Currently, FDWs are protected principally under the Employment of Foreign Manpower Act. For instance, the case of Public Prosecutor v Donohue Enilia demonstrates the consequences of continuing to employ a FDW despite knowing that the work permit was revoked and when outstanding salary is unpaid. The employer was convicted by the trial judge under s 5(1) of the Employment for Foreign Workers Act14 ["EFWA] for employing a foreign worker without a valid work permit and to a charge under s 22(1)(a) of the EFWA for failing to comply with the condition of the work permit to pay the foreign worker a salary. The High Court judge made an additional order of compensation to the FDW for the unpaid salary on top of the fines and levy incurred by the employer. FDWs are not covered by the Employment Act15 because it was deemed impractical by MOM to regulate specific aspects of domestic work, such as hours of works and work on public holidays.16

However, in order to cast a wider safety net, FDWs should be safeguarded under the Employment Act.

For example, under the Employment Act, from 1 January 2016, the maximum and minimum compensation limits for death, total permanent incapacity and medical expenses under Work Injury Compensation Act17 will be increased. Medical expenses limits increased to $36,000, and upon death or total permanent incapacity, the minimum compensation is $69,000 and $88,000 respectively.18 In contrast, employers are only required to purchase the Personal Accident Insurance policy insurance when employing FDWs. The compulsory FDW’s medical insurance has a minimum coverage of $15,000 per year for inpatient care and day surgery19 and the compulsory FDW’s personal accident insurance has a minimum coverage of $40,000.20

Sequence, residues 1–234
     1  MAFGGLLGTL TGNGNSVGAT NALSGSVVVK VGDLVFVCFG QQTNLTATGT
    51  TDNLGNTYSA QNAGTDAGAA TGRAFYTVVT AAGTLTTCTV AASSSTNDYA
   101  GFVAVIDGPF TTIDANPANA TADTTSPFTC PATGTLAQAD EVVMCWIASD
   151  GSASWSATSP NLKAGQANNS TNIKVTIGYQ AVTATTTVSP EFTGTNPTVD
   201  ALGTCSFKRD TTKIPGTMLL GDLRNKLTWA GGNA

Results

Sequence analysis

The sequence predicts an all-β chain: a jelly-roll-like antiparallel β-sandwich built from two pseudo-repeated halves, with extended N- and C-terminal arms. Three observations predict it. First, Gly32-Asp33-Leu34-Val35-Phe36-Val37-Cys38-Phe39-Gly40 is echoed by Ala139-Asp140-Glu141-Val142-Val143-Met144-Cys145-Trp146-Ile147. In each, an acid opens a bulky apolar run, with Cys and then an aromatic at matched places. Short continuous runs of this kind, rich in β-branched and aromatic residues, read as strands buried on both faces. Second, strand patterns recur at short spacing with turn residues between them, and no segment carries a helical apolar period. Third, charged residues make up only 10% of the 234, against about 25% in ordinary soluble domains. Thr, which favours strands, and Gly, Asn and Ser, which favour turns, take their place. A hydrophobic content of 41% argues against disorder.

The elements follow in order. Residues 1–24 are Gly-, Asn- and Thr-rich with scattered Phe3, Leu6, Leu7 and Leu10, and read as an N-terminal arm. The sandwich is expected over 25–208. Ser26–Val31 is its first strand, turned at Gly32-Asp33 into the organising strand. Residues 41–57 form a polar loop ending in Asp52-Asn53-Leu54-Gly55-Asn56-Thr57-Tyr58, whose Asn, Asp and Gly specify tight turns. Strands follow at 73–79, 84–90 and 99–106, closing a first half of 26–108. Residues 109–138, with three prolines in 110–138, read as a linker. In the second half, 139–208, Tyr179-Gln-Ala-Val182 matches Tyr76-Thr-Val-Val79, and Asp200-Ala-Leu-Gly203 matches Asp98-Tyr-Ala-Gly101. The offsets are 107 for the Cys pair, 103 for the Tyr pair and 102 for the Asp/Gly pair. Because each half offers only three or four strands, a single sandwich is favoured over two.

It may be administratively difficult to include FDWs in the Employment Act but an alternative could be leaving it to the Minister’s discretion. As per s 67 of the Employment Act, the Minister may apply the act to domestic workers. Hopefully, when the need arises, this section will not be overlooked and the Minister will exercise the given right to shield FDWs from oppressive and exploitative conditions.

B. Transfers of FDWs

The Work Permit binds FDWs to their employers and they do not have the option to quit, unless their employer decides to release them, either to return home or to work for another employer.